One farm, one family, one fresh start

KENT, Ohio — Like a person, sometimes a farm just needs the chance to start over.

At New Beginning Stable in Kent, Ohio, Jason and Charlene Curtis are wiping the slate clean and breathing life into a farm that was once a black cloud over its community.

Ready, set, go

It’s barely been a month since the Curtis family took the reins of the Portage County horse boarding facility, but the calendar is already packed with appointments for training, lessons, sales and shows.

It’s been a whirlwind start for the stable, which officially opened June 21. But the friendly bustle that greets visitors today is a sharp contrast to events that occurred there earlier this year. In March, the previous tenant pleaded guilty to several charges of animal cruelty — a sad case of horses being neglected and starved, according to Charlene.

The charges and condition of the animals were widely broadcast, so when the Curtises decided to lease the farm from Walsh Construction, they were nervous about how their neighbors would perceive them.

They didn’t want to be associated with the property’s past and quickly began setting themselves apart from any negative details.

“That’s the thing we want people to know: This is a new beginning,” Charlene said.

As it turned out, good intentions and an open-door policy have helped win the hearts of community members. The couple said the stable has received a warm welcome from those in the area.

Looking for home

Originally from Maine, Charlene has worked with horses professionally since 1996, although she’s been involved with them for most of her life. She moved to Ohio in 2004 and spent several years training but, with no place to call her own, she found herself spending too much time on the road.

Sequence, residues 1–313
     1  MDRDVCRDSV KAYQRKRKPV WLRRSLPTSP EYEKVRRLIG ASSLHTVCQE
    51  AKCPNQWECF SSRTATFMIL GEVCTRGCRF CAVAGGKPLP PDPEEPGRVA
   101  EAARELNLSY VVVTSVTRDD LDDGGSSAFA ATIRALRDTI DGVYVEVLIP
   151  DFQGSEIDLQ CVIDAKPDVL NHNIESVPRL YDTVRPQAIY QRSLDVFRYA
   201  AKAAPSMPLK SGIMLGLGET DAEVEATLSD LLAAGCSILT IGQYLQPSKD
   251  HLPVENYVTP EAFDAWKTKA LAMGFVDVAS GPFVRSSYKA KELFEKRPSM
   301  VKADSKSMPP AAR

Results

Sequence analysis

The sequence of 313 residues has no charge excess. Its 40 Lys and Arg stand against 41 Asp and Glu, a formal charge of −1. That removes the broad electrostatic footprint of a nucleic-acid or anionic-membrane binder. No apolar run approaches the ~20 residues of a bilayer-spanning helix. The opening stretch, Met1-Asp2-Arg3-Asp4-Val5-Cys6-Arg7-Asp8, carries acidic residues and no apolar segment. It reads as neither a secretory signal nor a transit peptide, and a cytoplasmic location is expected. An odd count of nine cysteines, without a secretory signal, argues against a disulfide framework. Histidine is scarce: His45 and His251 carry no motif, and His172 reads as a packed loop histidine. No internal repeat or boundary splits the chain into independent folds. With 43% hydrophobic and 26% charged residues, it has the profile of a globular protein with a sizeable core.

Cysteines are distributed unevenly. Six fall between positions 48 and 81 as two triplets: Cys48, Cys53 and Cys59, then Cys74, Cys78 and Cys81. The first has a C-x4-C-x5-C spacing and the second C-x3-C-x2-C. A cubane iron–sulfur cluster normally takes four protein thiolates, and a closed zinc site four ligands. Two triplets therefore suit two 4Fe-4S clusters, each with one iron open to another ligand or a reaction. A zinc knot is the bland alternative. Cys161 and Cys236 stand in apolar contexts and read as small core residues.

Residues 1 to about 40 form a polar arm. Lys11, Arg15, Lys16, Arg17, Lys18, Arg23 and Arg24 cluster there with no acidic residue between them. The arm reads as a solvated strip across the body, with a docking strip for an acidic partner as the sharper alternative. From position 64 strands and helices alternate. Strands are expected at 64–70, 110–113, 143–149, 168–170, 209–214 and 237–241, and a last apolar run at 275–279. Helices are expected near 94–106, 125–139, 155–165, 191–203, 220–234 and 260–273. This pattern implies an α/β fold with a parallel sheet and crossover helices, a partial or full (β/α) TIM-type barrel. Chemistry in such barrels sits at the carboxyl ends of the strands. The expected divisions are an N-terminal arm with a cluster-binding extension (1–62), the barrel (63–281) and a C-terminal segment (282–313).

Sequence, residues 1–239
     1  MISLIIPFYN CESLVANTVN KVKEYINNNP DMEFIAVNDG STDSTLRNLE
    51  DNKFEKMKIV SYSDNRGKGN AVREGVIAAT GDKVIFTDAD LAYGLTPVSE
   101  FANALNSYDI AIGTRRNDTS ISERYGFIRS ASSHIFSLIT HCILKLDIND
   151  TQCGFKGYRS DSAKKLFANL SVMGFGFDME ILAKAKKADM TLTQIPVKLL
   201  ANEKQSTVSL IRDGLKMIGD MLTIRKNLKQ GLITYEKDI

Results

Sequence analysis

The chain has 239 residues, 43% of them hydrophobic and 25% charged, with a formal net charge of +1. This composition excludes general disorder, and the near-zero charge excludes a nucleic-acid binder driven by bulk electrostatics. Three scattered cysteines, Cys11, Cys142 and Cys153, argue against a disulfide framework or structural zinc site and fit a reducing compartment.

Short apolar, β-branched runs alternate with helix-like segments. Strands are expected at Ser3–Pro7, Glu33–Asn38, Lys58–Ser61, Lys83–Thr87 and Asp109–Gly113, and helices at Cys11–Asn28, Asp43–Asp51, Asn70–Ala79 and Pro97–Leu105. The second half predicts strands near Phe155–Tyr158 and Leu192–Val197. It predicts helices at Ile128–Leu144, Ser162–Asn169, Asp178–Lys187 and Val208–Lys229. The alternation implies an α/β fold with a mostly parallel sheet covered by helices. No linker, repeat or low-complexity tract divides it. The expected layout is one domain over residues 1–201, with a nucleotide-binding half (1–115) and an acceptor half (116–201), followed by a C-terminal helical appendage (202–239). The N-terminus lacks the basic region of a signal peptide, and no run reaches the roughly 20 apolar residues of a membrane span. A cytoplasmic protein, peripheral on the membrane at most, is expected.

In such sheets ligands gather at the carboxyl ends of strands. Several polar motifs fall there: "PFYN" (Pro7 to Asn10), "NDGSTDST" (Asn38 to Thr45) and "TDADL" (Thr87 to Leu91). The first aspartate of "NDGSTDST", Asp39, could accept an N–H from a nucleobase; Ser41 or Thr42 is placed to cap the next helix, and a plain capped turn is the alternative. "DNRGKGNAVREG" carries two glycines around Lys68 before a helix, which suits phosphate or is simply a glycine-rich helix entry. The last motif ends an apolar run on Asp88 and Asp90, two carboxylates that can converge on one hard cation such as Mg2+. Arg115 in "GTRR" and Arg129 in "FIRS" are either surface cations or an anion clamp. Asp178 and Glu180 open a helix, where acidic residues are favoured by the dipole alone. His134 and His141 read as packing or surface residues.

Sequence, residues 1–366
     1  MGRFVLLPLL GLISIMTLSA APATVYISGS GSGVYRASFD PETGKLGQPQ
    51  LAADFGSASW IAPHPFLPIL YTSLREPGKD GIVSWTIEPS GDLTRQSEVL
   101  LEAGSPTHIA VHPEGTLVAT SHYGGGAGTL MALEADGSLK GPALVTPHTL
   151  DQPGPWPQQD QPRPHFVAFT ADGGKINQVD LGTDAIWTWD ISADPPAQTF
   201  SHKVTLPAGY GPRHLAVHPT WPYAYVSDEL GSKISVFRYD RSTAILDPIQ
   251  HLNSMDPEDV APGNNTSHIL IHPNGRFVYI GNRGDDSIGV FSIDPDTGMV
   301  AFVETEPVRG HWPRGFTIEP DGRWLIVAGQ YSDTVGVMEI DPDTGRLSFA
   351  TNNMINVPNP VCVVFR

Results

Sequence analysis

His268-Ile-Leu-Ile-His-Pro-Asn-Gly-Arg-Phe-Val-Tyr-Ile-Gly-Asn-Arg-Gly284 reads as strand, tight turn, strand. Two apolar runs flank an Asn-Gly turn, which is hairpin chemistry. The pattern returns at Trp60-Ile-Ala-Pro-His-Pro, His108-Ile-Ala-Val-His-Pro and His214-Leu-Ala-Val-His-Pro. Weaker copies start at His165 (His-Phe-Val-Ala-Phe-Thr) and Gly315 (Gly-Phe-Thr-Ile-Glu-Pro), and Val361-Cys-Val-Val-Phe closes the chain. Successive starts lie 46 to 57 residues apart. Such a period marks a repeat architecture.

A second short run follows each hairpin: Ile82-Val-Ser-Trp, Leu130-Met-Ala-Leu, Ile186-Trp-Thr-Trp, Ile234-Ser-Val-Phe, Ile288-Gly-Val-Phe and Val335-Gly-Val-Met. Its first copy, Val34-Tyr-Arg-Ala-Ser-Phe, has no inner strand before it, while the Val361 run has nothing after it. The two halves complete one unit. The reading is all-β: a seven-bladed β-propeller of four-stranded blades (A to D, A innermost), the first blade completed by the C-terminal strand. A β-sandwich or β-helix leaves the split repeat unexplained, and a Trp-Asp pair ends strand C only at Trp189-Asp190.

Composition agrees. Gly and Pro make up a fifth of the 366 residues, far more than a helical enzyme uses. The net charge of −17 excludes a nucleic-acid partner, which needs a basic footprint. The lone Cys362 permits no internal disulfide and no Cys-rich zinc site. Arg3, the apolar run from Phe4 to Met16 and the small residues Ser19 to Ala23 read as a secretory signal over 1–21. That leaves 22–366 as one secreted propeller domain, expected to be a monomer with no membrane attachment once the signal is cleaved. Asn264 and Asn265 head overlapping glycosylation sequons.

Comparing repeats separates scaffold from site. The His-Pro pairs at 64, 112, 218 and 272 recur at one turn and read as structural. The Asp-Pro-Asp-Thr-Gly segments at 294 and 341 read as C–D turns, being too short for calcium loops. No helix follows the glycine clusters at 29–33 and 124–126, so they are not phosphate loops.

Like everyone else, she first heard about the Old Forge Road farm in the news. When she went to check it out, the previous resident’s neglect was still evident.

“We came and saw it and it was nasty, to say the least,” Charlene said.
But underneath the packed manure and other filth, the Curtises saw potential. They knew they could turn it around.

“It was everything that I needed, exactly where I needed it,” Charlene said.

The surviving neglected horses had been sent to foster homes and luckily, there were no disease problems on the farm. After a heavy-duty cleaning, the 22-acre farm was ready to start a new chapter.

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Family friendly

Although Charlene has the experience to operate a high-end, expensive stable, that’s not the goal at New Beginning.

“I want this to be a place where families come,” Charlene said.

The Curtises want their stable to be affordable for average horse owners — people who simply enjoy horses and sometimes attend small, nearby shows.

They want to create “a nice place where people feel like their horses can be safe and in good hands,” Charlene said.

Besides the 20-stall boarding facility, New Beginning also offers trail riding, camps, clinics and basic therapeutic riding. The stable has an indoor riding arena and plans are in the works for an outdoor arena.

“We want to be someplace that no matter what you want to do, you can do it here,” Charlene said.

The trainer is accepting boarders and horses for training. The stable is almost full, but there are a few stalls still available, she said.

Those who want to take lessons can bring their own horse or borrow one from the farm. Charlene and other staff members will teach western, pleasure, hunt seat, saddle seat, beginner contesting, beginner jumping and dressage, trail and driving.

Making it better

The farm is still a work in progress, according to Jason and Charlene, but they are focused on what’s ahead for their blossoming business.

And as they move forward, they keep in mind what motivated them to lease the farm in the first place: The farm’s past may belong to someone else, but future is theirs.

About the Author

Former reporter Janelle Skrinjar wrote for Farm and Dairy from 2005 to 2009. More Stories by Janelle Skrinjar

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